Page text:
Under the above circumstances, it is impractical to require a rigid and detailed work plan (as in the traditional grants), which includes work packages with specific timing, deliverables and strict milestones. Indeed, the ERC does not require any of these in the proposal. Instead, ERC expects the project to have an open-end, which hopefully will reach the expected high-gain and will open new research paths.


Three indicators to help you assess the open-ended research aspect

  1. Many applicants, which are used to the traditional structure and expectations of EU funding (Horizon Europe and/or national grants), believe that they should commit to tangible outcomes by the end of the project. This sometimes takes the form of a commitment to summarise all project results in a book, policy letter or journal paper. Other cases may suggest a prototype of a developed technology. Therefore, as a first indicator – if the project’s results can indeed be summed up in one final outcome, this might be a good indicator that the project does not have an open-end.
  2. Another indicator is the structure and level of detail of the work plan. In a project that aims to fundamentally change the way of thought of the scientific field, it is hard to anticipate the timing and intermediate milestones of progress at a high resolution. As mentioned above, it inherently includes a high level of uncertainty. Projects that have a very detailed work plan and are able to commit to specific deliverables and milestones at specific times during the project, might not have that needed flexibility. This is not to say you should give up a well-thought-out approach and work plan. The project’s approach and aims should be clear, but the level in which the project’s progress can be anticipated should reflect its fundamental nature and leave enough room for unexpected developments.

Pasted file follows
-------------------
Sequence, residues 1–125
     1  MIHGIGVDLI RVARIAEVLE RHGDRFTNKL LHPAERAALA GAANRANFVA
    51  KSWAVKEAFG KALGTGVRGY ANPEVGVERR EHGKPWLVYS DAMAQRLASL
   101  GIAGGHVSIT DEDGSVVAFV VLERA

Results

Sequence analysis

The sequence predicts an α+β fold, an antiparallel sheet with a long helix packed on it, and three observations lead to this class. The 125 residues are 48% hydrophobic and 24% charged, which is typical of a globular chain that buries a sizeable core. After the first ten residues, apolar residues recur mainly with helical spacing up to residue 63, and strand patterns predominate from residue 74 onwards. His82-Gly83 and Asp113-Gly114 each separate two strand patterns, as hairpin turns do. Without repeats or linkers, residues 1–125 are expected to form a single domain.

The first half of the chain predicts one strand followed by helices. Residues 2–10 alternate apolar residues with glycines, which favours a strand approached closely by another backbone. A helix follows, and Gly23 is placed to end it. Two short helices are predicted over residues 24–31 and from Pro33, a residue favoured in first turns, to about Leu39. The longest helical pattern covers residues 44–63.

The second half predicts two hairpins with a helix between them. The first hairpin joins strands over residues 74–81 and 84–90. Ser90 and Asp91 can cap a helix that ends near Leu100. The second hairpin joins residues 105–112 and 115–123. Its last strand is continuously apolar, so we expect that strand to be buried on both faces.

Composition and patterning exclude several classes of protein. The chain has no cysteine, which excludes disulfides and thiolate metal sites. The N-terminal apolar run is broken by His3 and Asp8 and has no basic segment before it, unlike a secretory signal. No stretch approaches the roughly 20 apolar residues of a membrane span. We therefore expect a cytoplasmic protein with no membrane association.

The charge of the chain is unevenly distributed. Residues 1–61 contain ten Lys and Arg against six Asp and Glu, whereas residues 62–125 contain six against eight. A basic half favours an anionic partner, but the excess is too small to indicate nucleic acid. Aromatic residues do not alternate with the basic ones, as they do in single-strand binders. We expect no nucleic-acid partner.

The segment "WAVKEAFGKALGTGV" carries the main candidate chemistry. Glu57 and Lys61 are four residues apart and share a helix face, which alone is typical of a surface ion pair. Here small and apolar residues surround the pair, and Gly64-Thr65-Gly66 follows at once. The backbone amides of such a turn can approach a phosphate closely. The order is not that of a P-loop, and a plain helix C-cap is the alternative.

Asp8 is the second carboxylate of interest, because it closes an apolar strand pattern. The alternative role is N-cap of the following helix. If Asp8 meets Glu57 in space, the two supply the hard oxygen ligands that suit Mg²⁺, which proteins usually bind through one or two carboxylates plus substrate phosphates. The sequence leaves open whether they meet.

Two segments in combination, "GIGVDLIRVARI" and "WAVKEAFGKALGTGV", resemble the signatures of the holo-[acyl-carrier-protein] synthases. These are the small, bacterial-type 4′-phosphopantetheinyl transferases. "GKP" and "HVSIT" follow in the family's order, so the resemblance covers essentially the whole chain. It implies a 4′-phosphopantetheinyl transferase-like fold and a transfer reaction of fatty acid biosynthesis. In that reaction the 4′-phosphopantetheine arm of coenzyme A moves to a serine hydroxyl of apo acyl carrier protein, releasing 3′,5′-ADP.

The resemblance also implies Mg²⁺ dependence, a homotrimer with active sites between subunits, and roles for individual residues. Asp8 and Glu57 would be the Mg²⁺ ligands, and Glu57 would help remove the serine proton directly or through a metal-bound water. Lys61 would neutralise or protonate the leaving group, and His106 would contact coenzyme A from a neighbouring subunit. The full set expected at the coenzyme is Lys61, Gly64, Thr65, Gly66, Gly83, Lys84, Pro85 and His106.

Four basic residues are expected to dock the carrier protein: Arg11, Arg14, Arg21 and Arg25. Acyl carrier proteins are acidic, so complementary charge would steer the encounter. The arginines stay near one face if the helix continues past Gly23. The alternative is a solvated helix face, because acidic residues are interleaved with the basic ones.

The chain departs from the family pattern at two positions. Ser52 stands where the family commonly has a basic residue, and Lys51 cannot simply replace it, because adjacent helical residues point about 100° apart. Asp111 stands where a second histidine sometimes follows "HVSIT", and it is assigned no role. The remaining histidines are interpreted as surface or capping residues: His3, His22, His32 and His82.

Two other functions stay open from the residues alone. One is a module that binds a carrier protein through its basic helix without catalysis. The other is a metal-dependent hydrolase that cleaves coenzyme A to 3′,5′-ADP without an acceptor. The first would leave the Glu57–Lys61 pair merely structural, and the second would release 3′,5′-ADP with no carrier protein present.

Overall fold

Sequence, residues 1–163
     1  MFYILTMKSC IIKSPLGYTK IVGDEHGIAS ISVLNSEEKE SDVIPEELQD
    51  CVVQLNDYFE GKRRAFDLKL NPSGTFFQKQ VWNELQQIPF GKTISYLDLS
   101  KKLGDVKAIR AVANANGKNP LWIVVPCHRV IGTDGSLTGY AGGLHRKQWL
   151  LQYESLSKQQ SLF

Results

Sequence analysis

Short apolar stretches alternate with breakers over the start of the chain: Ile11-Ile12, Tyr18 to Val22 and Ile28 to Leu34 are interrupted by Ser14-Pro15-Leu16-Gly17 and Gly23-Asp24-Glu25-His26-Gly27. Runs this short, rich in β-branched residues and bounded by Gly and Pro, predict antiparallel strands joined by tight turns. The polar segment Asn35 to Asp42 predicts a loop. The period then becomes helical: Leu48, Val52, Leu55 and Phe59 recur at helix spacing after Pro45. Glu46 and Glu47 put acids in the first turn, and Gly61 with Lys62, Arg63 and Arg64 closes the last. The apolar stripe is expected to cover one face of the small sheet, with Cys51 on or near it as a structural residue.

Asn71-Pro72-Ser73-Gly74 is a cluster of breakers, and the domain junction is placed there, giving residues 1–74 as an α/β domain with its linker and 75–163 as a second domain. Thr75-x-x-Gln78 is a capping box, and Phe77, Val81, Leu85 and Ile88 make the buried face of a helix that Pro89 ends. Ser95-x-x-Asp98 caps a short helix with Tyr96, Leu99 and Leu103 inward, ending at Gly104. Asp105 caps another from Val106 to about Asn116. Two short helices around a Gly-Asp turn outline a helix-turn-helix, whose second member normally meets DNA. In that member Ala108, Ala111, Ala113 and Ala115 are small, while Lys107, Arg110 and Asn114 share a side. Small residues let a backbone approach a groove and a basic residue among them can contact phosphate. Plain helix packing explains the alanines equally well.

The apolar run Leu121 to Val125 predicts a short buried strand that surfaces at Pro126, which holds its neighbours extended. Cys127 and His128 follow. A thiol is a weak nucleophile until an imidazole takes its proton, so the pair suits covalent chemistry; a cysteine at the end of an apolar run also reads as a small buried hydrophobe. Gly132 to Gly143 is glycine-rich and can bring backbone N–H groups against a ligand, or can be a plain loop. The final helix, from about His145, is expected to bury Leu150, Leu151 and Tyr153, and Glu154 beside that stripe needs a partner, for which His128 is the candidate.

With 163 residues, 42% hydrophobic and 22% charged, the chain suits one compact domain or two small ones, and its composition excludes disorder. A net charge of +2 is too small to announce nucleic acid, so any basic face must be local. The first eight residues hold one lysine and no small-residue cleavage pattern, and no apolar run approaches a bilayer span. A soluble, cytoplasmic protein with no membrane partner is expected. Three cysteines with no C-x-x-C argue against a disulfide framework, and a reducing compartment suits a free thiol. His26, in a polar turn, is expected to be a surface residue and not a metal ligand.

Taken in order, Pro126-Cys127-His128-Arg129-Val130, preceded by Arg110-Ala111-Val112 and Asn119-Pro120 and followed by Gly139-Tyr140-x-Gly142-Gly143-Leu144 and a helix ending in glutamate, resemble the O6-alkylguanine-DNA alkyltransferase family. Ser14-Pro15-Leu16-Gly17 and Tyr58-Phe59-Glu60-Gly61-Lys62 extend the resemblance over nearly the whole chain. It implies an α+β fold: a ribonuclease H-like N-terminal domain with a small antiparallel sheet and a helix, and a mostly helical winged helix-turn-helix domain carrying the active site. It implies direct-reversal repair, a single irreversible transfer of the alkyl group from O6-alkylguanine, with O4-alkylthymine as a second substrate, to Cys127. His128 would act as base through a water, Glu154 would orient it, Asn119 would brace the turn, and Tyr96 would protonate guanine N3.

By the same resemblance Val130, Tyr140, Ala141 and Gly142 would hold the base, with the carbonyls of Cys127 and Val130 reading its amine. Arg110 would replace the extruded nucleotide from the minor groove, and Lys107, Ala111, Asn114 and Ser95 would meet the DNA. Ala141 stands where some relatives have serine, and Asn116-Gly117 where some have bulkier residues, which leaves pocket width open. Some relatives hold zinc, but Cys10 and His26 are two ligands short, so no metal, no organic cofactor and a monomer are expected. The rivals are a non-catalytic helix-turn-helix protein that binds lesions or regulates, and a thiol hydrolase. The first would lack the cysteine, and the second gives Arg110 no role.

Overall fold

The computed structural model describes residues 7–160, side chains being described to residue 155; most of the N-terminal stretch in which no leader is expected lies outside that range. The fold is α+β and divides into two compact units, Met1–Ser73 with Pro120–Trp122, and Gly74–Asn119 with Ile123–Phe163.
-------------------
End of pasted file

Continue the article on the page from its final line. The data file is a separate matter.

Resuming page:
3. The final indicator of open-ended research is your long-term vision. Try to assess what could be possible if your project is successful in achieving its goals. What scientific fields would be impacted and how? What possible new horizons would open? What further questions could be asked then? It is highly possible that you cannot assess all impacts at this early point in time. However, this thinking exercise would help you in assessing whether your project has the potential to genuinely change the way your scientific field thinks, and if your project has the potential gain expected in ERC. Good answers to these questions can ensure your project has an open-end.



In conclusion, if you are considering to apply to ERC – it is very important to acquire the above “open-ended” mindset. Such a way of thinking will realize in your research project proposal, and further impress the reviewers of the value and potential impact of your project. If you have any questions – please do not hesitate to contact us.